Douglas Spangle has written poetry since sometime in the 60s, and after a life overseas and in many parts of this country, has lived in Portland since 1978. He is the author of eight chapbooks, has published translations of several poets from German, and has published hundreds of poems, graphic poems, essays and reviews over several decades. His full-length book A White Concrete Day, Poems 1978-2013 was released in 2013 by GOBQ/Reprobate Books. In 2016, he was given the Stewart H. Holbrook Award for Literary Legacy. He is listed in The International Who’s Who of Poetry, but is an unapologetic longtime resident of Southeast Portland, and currently helps copy edit Street Roots.

Kristin Stein

Instructions on Carving

1. Climb the cement steps to the workshop and press the door firmly with your palm so it’s flush against the wall. Unlock the hook and eye latch.

2. Fill a plastic Shop ‘n Save bag with dry wooden shavings to line your gerbil’s cage. Try not to sneeze. Tie the bag’s handles into a firm knot and wipe your hands on your shorts.

3. Above the workbench on a thin, wooden shelf, notice a bruised yellow book. The spine says Carving. You’ve always wanted to learn how to carve. Use a coil of Pink Panther insulation to hoist yourself on the workbench.

4. Feel the dust itch the insides of your nostrils and sneeze loudly. Step backwards but catch yourself on the edge of the shelf before you fall.

5. Reach up. Pull the book down with the tip of your index finger. Let it fall to your feet with a thick sound.

6. Flip through its glossy pages and look at the photos of carvings. There’s an old man with a whittled wooden beard but it looks too difficult. Settle on a duck because it’s the easiest.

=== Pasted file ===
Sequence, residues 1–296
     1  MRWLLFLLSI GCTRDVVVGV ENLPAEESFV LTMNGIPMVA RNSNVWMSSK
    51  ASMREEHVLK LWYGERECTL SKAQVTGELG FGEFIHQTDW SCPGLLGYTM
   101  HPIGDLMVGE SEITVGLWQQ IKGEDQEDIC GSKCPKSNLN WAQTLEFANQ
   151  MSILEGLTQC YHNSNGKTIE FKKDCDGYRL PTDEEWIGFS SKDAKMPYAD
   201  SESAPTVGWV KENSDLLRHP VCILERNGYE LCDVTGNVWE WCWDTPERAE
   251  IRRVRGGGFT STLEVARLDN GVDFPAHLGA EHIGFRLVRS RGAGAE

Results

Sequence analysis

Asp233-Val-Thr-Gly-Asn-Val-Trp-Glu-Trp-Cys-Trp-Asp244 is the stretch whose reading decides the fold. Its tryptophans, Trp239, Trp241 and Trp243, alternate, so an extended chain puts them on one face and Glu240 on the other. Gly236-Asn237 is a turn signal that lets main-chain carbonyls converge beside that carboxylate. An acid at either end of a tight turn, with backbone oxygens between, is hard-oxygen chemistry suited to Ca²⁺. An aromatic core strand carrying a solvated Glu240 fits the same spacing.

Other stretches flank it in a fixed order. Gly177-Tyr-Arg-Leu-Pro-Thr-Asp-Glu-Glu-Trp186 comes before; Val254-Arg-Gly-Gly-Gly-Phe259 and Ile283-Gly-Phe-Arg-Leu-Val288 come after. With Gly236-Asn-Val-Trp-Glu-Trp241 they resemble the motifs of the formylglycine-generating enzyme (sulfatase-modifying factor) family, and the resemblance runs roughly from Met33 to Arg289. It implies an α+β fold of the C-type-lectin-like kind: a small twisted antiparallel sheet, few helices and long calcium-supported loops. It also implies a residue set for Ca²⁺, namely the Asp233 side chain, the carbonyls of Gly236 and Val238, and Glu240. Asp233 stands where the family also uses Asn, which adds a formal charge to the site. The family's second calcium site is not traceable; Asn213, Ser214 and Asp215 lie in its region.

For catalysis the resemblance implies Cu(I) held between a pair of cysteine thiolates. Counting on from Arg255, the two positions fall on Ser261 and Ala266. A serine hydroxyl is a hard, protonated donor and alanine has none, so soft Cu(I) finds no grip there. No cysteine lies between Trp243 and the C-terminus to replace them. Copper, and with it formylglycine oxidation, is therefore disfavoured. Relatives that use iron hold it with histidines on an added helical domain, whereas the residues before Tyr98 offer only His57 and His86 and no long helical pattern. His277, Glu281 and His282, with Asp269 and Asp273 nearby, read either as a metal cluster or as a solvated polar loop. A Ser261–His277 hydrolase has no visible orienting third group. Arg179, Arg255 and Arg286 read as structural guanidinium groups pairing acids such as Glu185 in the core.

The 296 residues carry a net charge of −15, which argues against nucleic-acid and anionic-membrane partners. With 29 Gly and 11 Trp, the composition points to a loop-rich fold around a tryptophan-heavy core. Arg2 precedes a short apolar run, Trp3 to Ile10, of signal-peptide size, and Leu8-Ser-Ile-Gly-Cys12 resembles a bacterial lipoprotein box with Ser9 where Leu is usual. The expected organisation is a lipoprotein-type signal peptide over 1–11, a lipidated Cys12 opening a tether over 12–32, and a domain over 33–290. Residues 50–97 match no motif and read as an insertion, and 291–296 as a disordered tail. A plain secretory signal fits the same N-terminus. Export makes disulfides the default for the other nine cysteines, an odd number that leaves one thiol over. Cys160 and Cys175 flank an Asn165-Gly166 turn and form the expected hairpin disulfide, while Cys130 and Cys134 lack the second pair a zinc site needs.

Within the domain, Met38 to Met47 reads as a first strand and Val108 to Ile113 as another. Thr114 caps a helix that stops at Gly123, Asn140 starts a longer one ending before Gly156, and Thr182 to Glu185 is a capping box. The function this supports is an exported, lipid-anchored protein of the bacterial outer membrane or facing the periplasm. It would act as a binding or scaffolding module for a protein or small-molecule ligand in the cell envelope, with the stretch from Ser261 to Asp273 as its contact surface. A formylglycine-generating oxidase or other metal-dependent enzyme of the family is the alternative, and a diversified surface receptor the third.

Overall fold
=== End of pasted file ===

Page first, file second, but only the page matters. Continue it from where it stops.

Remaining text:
7. Find a block of soft wood, like white pine or butternut.

8. Bent over the workbench, trace an outline of the duck on the wood with a flat carpenter pencil. Erase any mistakes.

9. Look out the window at the line of maple trees bordering the rock wall. See your brother stepping out of the hen house cradling brown, white, and blue spotted eggs in the hem of his shirt. Ask if he’ll cut out the outline.

10. Watch him stoop over the scroll saw, his black No Fear baseball cap turned backwards and out of the way. Listen to the buzz of the blade as it cut through the wood.

11. Sit on the back porch by the garden with the heavy black pocket knife you borrowed from your dad. Use your thumb to press against the back of the blade and guide it along the grain. Watch the wood peel away in long, curling strips.

12. The head and beak are harder because they're smaller and have more detail. Do the best you can.

13. Place the finished duck on the plant stand in the living room among the pothos and drugstore ceramic rabbits. Decide carving isn’t for you.

14. When it goes missing, ask your brother where it went. Laugh when he shows you. He tried to fix its head but now it’s tiny and disproportionate to its body.

15. Fall asleep on the couch after drama practice. When a policeman shows up at your door and says there’s been an accident, go with your brother to the hospital in Albany. Sit in the ICU and half listen when two policemen say they need someone to identify the bodies. Notice you’re still wearing the costume from drama, leggings and a black top, but it’s too late to change. Your brother goes to the morgue alone while you curl up on the vinyl couch in the hospital room. Never ask him about it.